12:48
But so does the importance of content.
12:53
The more powerful our reach,
12:56
the more important the question "About what?"
12:58
When improvisation, resourcefulness, imagination are key,
13:02
artists, at long last,
13:06
take their place at the table,
13:09
when strategies of action are in the process of being designed.
13:11
In this dramatically expanded ideal
13:17
of a liberal arts education
13:19
where the continuum of thought and action is its life's blood,
13:21
knowledge honed outside the academy
13:25
becomes essential.
13:28
Social activists, business leaders,
13:30
lawyers, politicians, professionals
13:33
will join the faculty as active and ongoing participants
13:35
in this wedding of liberal education to the advancement of the public good.
13:40
Students, in turn, continuously move outside the classroom
13:44
to engage the world directly.
13:49
And of course, this new wine
13:52
needs new bottles
13:55
if we are to capture the liveliness and dynamism
13:57
of this idea.
14:01
The most important discovery we made
14:03
in our focus on public action
14:05
was to appreciate that the hard choices
14:08
are not between good and evil,
14:11
but between competing goods.
14:14
This discovery is transforming.
14:17
It undercuts self-righteousness,
14:20
radically alters the tone and character of controversy,
14:22
and enriches dramatically
14:26
the possibilities for finding common ground.
14:28
Ideology, zealotry,
14:31
unsubstantiated opinions simply won't do.
14:33
This is a political education, to be sure.
14:38
But it is a politics of principle,
14:42
not of partisanship.
14:45
So the challenge for Bennington is to do it.
14:47
On the cover of Bennington's 2008 holiday card
14:50
is the architect's sketch of a building
14:54
opening in 2010
14:56
that is to be a center for the advancement
14:58
of public action.
15:00
The center will embody and sustain this new educational commitment.
15:02
Think of it as a kind of secular church.
15:07
The words on the card describe what will happen inside.
15:10
We intend to turn the intellectual
15:14
and imaginative power, passion and boldness
15:16
of our students, faculty and staff
15:19
to developing strategies
15:23
for acting on the critical challenges of our time.
15:25
So we are doing our job.
15:29
While these past weeks have been a time
15:32
of national exhilaration in this country,
15:34
it would be tragic if you thought this meant
15:37
your job was done.
15:40
The glacial silence we have experienced
15:42
in the face of the shredding of the constitution,
15:45
the unraveling of our public institutions,
15:48
the deterioration of our infrastructure
15:51
is not limited to the universities.
15:53
We the people
15:55
have become inured to our own irrelevance
15:57
when it comes to doing anything significant
16:01
about anything that matters
16:03
concerning governance,
16:05
beyond waiting another four years.
16:07
We persist also
16:10
in being sidelined by the idea of the expert
16:13
as the only one capable of coming up with answers,
16:16
despite the overwhelming evidence to the contrary.
16:19
The problem is there is no such thing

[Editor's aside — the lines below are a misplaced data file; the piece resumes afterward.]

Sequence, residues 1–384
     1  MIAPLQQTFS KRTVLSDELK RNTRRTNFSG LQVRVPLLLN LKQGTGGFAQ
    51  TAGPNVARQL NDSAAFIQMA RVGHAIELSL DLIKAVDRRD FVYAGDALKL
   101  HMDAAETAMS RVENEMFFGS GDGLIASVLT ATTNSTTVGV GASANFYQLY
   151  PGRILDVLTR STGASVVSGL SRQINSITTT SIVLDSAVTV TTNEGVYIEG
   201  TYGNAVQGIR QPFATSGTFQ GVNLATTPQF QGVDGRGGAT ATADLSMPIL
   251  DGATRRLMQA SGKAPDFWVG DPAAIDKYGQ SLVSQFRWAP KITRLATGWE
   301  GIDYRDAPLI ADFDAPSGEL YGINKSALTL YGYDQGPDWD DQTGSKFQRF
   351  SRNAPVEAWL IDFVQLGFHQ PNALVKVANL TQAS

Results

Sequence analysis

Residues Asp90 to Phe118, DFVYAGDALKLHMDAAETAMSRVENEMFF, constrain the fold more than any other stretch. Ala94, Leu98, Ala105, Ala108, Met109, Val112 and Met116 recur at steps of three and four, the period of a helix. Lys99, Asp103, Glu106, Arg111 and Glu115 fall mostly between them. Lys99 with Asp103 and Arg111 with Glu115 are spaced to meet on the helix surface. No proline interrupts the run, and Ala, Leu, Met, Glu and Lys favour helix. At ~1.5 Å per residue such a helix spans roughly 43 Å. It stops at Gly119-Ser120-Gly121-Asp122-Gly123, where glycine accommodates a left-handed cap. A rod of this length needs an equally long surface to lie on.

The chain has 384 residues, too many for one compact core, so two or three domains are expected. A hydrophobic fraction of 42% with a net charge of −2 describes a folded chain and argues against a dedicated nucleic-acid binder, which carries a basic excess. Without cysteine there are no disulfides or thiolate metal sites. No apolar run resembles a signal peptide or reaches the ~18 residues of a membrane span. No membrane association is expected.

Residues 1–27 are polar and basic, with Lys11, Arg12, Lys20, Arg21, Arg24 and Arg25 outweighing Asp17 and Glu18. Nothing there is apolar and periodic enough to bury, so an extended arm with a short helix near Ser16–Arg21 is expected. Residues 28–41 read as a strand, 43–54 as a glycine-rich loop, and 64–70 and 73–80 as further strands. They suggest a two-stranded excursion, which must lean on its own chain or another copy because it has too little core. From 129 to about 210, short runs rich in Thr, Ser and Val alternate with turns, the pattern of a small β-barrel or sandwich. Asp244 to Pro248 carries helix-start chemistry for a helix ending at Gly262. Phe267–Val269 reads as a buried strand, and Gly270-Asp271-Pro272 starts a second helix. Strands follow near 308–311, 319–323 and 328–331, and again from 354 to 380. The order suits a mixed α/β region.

16:24
as a viable democracy made up of experts,
16:29
zealots, politicians and spectators.
16:33
(Applause)
16:37
People will continue and should continue
16:44
to learn everything there is to know about something or other.
16:46
We actually do it all the time.
16:49
And there will be and should be
16:52
those who spend a lifetime
16:54
pursuing a very highly defined area of inquiry.
16:56
But this single-mindedness will not yield
17:00
the flexibilities of mind,
17:03
the multiplicity of perspectives,
17:05
the capacities for collaboration and innovation
17:08
this country needs.
17:11
That is where you come in.
17:13
What is certain is that the individual talent
17:15
exhibited in such abundance here,
17:19
needs to turn its attention
17:22
to that collaborative, messy, frustrating,
17:25
contentious and impossible world
17:29
of politics and public policy.
17:32
President Obama and his team
17:34
simply cannot do it alone.
17:37
If the question of where to start seems overwhelming
17:40
you are at the beginning, not the end of this adventure.
17:44
Being overwhelmed is the first step
17:47
if you are serious about trying to get at things that really matter,
17:50
on a scale that makes a difference.
17:54
So what do you do when you feel overwhelmed?
17:57
Well, you have two things.
18:00
You have a mind. And you have other people.
18:03
Start with those, and change the world.
18:06
(Applause)
18:11

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About the speaker:

Liz Coleman - College president
Liz Coleman radically remade Bennington College in the mid-1990s, in pursuit of a new vision: higher education as a performing art.

Why you should listen

If you followed higher education news in the 1990s, you have an opinion on Liz Coleman. The president of what was once the most expensive college in America, Coleman made a radical, controversial plan to snap the college out of a budget and mission slump -- by ending the tenure system, abolishing academic divisions and yes, firing a lot of professors. It was not a period without drama. But fifteen years on, it appears that the move has paid off. Bennington's emphasis on cross-disciplinary, hands-on learning has attracted capacity classes to the small college, and has built a vibrant environment for a new kind of learning.

Coleman's idea is that higher education is an active pursuit -- a performing art. Her vision calls for lots of one-on-one interactions between professor and student, deep engagement with primary sources, highly individual majors, and the destruction of the traditional academic department. It's a lofty goal that takes plenty of hard work to keep on course.

More profile about the speaker
Liz Coleman | Speaker | TED.com